The Crux
Charlotte Perkins Gilman
Novels
6:12 h
Level 10
The Crux is a 1911 feminist novel by Charlotte Perkins Gilman. The novel tells the story about a group of women from New England who move west to start a boardinghouse in Colorado. Vivian Lane falls in love with Morton Elder, who has syphilis and gonorrhea.

The Crux

by
Charlotte Perkins Gilman


Preface

This story is, first, for young women to read; second, for young men to read; after that, for anybody who wants to. Anyone who doubts its facts and figures is referred to “Social Diseases and Marriage,” by Dr. Prince Morrow, or to “Hygiene and Morality,” by Miss Lavinia Dock, a trained nurse of long experience.

Some will hold that the painful facts disclosed are unfit for young girls to know. Young girls are precisely the ones who must know them, in order that they may protect themselves and their children to come. The time to know of danger is before it is too late to avoid it.

If some say “Innocence is the greatest charm of young girls,” the answer is, “What good does it do them?”


Chapter I
The Back Way

Along the same old garden path,
Sweet with the same old flowers;
Under the lilacs, darkly dense,
The easy gate in the backyard fence —
Those unforgotten hours!

The “Foote Girls” were bustling along Margate Street with an air of united purpose that was unusual with them. Miss Rebecca wore her black silk cloak, by which it might be seen that “a call” was toward. Miss Jessie, the thin sister, and Miss Sallie, the fat one, were more hastily attired. They were persons of less impressiveness than Miss Rebecca, as was tacitly admitted by their more familiar nicknames, a concession never made by the older sister.

Even Miss Rebecca was hurrying a little, for her, but the others were swifter and more impatient.

“Do come on, Rebecca. Anybody’d think you were eighty instead of fifty!” said Miss Sallie.

“There’s Mrs. Williams going in! I wonder if she’s heard already. Do hurry!” urged Miss Josie.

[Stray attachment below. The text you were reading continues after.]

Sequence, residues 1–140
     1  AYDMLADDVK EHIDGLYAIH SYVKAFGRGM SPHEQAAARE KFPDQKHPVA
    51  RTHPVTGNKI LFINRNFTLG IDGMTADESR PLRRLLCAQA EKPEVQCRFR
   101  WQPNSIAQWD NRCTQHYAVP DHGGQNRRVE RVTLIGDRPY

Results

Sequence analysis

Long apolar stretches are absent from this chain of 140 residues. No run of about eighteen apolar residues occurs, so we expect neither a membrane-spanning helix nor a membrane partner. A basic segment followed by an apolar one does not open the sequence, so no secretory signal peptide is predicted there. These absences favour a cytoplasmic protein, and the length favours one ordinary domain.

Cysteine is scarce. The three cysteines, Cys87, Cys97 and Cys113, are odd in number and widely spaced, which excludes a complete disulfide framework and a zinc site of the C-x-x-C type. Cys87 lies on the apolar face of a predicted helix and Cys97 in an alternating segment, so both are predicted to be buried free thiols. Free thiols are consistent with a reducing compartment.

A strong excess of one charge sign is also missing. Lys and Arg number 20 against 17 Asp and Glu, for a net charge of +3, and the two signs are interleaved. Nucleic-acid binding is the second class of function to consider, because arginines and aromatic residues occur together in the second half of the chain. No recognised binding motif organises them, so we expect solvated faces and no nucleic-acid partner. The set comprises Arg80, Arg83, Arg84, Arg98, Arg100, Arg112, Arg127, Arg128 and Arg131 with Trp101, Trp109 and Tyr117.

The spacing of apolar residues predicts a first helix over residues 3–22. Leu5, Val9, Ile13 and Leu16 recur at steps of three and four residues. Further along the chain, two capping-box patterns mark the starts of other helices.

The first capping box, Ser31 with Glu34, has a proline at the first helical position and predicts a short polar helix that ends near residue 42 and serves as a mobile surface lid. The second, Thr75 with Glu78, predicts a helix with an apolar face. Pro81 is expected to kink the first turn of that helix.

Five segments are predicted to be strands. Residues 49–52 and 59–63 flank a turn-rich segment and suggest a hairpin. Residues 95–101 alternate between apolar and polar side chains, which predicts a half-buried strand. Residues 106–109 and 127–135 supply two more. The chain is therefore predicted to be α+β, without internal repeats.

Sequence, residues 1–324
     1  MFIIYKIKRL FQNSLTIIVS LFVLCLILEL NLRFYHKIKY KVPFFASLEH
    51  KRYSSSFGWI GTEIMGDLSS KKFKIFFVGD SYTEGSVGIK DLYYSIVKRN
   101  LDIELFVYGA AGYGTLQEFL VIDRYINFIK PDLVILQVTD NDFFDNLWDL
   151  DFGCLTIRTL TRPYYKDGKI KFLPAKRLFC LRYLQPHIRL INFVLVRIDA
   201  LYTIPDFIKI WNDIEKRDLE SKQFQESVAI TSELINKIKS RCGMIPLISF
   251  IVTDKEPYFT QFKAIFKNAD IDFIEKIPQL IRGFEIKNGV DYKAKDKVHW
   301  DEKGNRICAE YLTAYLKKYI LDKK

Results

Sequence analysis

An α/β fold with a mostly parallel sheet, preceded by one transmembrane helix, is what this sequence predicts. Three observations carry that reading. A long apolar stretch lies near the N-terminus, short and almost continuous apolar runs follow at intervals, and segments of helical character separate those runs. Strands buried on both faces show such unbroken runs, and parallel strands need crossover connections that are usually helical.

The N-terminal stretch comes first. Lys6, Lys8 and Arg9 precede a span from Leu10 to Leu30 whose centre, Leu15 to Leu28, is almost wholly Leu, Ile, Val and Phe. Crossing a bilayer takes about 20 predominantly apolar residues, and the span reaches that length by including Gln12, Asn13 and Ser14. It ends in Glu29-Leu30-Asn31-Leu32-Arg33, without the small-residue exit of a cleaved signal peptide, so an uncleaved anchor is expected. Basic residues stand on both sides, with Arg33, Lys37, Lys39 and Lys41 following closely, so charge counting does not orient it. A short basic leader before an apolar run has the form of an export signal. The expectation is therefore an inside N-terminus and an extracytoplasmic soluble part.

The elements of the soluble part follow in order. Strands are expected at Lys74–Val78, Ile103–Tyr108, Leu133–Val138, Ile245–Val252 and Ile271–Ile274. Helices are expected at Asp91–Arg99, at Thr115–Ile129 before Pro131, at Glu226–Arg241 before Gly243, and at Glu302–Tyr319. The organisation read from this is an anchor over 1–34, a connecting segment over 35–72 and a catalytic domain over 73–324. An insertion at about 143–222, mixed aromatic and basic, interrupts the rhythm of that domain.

But Miss Rebecca, being concerned about her dignity, would not allow herself to be hustled, and the three proceeded in irregular order under the high-arched elms and fence-topping syringas of the small New England town toward the austere home of Mr. Samuel Lane.

It was a large, uncompromising, square, white house, planted starkly in the close-cut grass. It had no porch for summer lounging, no front gate for evening dalliance, no path-bordering beds of flowers from which to pluck a hasty offering or more redundant tribute. The fragrance which surrounded it came from the back yard, or over the fences of neighbors; the trees which waved greenly about it were the trees of other people. Mr. Lane had but two trees, one on each side of the straight and narrow path, evenly placed between house and sidewalk — evergreens.

Mrs. Lane received them amiably; the minister’s new wife, Mrs. Williams, was proving a little difficult to entertain. She was from Cambridge, Mass., and emanated a restrained consciousness of that fact. Mr. Lane rose stiffly and greeted them. He did not like the Foote girls, not having the usual American’s share of the sense of humor. He had no enjoyment of the town joke, as old as they were, that “the three of them made a full yard;” and had frowned down as a profane impertinent the man — a little sore under some effect of gossip — who had amended it with “make an ‘ell, I say.”

Safely seated in their several rocking chairs, and severally rocking them, the Misses Foote burst forth, as was their custom, in simultaneous, though by no means identical remarks.

“I suppose you’ve heard about Morton Elder?”